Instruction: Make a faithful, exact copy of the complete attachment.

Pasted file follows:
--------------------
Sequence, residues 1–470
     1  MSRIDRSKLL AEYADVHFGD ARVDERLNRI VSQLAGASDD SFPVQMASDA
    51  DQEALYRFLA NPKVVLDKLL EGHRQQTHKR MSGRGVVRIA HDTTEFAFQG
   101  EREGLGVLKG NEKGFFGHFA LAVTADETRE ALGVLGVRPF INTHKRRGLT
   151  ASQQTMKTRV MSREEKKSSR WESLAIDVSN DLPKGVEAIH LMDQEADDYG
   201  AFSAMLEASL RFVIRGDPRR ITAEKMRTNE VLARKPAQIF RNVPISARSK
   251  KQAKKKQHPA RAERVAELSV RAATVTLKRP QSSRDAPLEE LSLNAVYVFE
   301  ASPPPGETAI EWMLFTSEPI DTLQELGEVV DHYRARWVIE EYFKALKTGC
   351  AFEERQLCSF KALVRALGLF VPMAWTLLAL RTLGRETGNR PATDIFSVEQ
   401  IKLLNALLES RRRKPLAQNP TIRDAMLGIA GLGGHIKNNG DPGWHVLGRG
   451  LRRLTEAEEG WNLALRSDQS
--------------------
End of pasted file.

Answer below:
Sequence, residues 1–470
     1  MSRIDRSKLL AEYADVHFGD ARVDERLNRI VSQLAGASDD SFPVQMASDA
    51  DQEALYRFLA NPKVVLDKLL EGHRQQTHKR MSGRGVVRIA HDTTEFAFQG
   101  EREGLGVLKG NEKGFFGHFA LAVTADETRE ALGVLGVRPF INTHKRRGLT
   151  ASQQTMKTRV MSREEKKSSR WESLAIDVSN DLPKGVEAIH LMDQEADDYG
   201  AFSAMLEASL RFVIRGDPRR ITAEKMRTNE VLARKPAQIF RNVPISARSK
   251  KQAKKKQHPA RAERVAELSV RAATVTLKRP QSSRDAPLEE LSLNAVYVFE
   301  ASPPPGETAI EWMLFTSEPI DTLQELGEVV DHYRARWVIE EYFKALKTGC
   351  AFEERQLCSF KALVRALGLF VPMAWTLLAL RTLGRETGNR PATDIFSVEQ
   401  IKLLNALLES RRRKPLAQNP TIRDAMLGIA GLGGHIKNNG DPGWHVLGRG
   451  LRRLTEAEEG WNLALRSDQS